WTNYMay 17, 2004
When Bad Teams Make Me Think
By Bryan Smith

I’m not a big fan of tooting my own horn, but I’ll make one exception, and ask any of you that haven’t to read my piece on the Southern League at the Hardball Times. It’s always been hard for me to judge the number of fans that truly love the minor leagues, but I see it as the Internet’s most uncovered baseball topic, and I’ve set out to change that. Whether I have a fan base or not remains to be seen...

As someone noted in the comments section last week, Dustan McGowan has joined the list of players that are out for the season. McGowan’s arm injury should take him out until mid-July, but as Will Carroll points out, it’s really only the second injury the Riccardi regime has faced. This hurts the 2005 Blue Jays that were leaning on McGowan, but he could be ready as early as 2006.

In other minor league news, Brad Thompson extended his scoreless streak to over forty innings with six scoreless innings on Friday. Retiring one out his next time on the mound will give him the Southern League record, and at this point, I think you can bank on that. Whether the Cardinals are simply waiting for him to give up a run to get a promotion, or don’t think he’s ready, Thompson should be in Memphis later this month.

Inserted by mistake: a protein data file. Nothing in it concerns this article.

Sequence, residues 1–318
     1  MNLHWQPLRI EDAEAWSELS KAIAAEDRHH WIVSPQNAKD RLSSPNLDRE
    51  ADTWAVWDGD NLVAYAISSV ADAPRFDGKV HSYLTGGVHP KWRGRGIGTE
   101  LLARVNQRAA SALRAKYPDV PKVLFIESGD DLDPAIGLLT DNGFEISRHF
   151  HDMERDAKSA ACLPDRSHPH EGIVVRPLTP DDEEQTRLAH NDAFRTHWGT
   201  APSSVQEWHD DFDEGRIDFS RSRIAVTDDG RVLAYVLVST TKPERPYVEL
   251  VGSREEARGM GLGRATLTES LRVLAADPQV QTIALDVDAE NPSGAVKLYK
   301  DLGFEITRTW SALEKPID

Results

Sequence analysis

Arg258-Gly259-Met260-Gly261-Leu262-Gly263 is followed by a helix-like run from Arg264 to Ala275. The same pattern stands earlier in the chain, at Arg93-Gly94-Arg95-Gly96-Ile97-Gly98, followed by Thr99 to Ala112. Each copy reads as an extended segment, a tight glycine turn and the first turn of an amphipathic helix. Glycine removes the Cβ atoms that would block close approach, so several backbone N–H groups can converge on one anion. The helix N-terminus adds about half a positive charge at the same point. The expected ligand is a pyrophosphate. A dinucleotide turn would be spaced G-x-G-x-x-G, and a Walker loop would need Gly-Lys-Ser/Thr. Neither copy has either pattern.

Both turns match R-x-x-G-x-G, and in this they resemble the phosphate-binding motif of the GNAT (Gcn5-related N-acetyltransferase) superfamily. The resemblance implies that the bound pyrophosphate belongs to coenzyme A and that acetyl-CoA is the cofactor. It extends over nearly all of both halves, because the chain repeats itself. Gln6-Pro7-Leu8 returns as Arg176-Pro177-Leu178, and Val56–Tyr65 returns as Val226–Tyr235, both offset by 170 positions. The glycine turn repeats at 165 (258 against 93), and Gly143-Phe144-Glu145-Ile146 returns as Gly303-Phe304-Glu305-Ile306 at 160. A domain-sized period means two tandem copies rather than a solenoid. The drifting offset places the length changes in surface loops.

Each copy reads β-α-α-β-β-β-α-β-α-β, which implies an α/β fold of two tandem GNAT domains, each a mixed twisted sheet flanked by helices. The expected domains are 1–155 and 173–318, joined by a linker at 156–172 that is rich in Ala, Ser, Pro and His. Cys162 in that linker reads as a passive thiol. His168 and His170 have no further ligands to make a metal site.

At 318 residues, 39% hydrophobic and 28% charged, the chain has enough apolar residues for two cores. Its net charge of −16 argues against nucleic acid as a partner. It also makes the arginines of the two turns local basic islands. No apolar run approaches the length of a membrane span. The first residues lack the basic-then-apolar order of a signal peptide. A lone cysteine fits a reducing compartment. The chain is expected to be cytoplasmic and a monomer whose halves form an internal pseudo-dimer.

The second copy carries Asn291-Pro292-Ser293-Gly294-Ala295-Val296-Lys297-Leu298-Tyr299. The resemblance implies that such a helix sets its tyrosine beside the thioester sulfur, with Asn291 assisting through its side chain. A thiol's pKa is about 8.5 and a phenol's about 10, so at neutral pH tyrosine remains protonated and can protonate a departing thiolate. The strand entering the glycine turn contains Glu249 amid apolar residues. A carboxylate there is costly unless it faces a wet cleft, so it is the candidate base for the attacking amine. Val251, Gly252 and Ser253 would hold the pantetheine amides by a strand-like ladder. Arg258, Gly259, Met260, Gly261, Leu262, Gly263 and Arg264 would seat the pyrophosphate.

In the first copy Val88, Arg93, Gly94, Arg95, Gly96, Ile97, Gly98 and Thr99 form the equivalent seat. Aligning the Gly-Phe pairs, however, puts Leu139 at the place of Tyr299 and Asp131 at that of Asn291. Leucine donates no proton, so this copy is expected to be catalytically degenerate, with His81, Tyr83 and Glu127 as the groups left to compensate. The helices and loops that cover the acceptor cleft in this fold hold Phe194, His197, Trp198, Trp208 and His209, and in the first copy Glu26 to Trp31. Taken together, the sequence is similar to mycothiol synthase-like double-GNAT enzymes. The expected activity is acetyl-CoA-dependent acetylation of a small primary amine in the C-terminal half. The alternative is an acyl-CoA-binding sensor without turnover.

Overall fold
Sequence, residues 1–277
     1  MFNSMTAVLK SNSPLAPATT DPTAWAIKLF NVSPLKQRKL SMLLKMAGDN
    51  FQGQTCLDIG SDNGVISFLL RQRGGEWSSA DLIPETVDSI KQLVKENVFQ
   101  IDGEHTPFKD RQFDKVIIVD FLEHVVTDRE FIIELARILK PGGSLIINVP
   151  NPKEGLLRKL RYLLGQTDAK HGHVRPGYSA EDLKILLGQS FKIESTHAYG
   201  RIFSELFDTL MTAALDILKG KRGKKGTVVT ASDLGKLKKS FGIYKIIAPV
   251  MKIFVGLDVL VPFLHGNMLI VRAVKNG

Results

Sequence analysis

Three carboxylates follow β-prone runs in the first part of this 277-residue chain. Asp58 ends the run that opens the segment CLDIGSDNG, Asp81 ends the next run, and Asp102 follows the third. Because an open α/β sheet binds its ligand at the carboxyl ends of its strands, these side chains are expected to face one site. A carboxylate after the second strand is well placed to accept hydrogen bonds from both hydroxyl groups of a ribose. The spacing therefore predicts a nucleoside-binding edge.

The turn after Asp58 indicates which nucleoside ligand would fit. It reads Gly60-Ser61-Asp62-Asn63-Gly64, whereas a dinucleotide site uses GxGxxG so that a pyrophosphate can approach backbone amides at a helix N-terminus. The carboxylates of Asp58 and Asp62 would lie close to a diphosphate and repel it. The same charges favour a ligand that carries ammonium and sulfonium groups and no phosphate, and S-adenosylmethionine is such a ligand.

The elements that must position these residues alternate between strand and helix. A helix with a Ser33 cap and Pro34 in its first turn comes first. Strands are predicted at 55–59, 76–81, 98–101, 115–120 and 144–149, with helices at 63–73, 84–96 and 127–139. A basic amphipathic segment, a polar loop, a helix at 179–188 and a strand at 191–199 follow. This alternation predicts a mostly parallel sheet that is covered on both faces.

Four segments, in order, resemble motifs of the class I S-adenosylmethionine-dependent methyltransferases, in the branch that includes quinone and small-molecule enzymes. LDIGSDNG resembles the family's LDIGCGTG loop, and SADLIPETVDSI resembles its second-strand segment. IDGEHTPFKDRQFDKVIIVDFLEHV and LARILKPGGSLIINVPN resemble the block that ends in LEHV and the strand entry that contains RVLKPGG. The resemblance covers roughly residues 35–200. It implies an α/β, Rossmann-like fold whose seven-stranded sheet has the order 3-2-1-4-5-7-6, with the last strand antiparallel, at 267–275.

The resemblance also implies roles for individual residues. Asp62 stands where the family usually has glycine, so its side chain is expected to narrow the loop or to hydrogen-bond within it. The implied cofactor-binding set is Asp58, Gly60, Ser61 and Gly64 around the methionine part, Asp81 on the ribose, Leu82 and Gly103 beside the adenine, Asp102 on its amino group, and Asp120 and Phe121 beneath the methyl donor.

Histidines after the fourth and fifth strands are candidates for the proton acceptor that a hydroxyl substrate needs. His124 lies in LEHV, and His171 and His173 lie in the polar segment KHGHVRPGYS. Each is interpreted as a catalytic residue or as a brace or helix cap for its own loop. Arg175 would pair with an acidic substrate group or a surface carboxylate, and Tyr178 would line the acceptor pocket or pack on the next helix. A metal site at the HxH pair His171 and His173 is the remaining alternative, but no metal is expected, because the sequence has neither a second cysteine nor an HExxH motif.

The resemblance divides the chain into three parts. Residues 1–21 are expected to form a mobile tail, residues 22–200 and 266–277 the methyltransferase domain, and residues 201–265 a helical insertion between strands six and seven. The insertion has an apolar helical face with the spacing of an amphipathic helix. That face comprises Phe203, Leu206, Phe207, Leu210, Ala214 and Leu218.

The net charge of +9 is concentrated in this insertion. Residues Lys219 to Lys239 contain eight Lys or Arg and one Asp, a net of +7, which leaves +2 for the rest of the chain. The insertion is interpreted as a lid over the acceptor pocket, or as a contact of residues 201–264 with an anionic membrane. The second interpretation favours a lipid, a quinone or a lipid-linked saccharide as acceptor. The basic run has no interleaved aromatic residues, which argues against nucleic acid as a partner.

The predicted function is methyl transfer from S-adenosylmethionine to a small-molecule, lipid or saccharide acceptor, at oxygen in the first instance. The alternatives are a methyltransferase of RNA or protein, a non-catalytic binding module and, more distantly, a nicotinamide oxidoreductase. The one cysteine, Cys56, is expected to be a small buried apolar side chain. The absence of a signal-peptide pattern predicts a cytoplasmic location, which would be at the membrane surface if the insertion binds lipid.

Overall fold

Also, while I think there are holes in the article, Jim Callis has a nice breakdown of polish vs. stuff over at Baseball America. They make out Jered Weaver to have no stuff, and from what I hear from Rich Lederer, he seems a little underhyped. Players like Jeremy Sowers deserve that title more than someone like Weaver, especially with those strikeout numbers. We’ll see how Tim Stauffer’s career turns out, but his first two months have been better than those of Kyle Sleeth. And believe me, Weaver’s stuff isn’t as far behind Verlander’s as Stauffer’s is to Sleeth’s.

While I hate to sound repetitive with what I wrote in THT Live, watching Ben Sheets yesterday just reminded me while I follow this game so closely. Sheets was absolutely perfect, striking out the final six hitters, all of whom were facing him from the left side. The ump was being very generous with the outside corner, almost causing Johnny Estrada to be ejected two pitches before Sheets struck him out to end the game.

Before this year, the Sheets vs. Zito debate has been non-existant. Sheets career ERA+ of 96 has been unexceptional, although his peripherals showed great improvement in the last year. This season Sheets has shown why he was once a first round pick. How? Well, his pinpoint control has further improved, all the way to only walking nine batters in his first fifty-nine innings. In that time, Sheets has also allowed only forty-six hits, but has struck out 66 batters.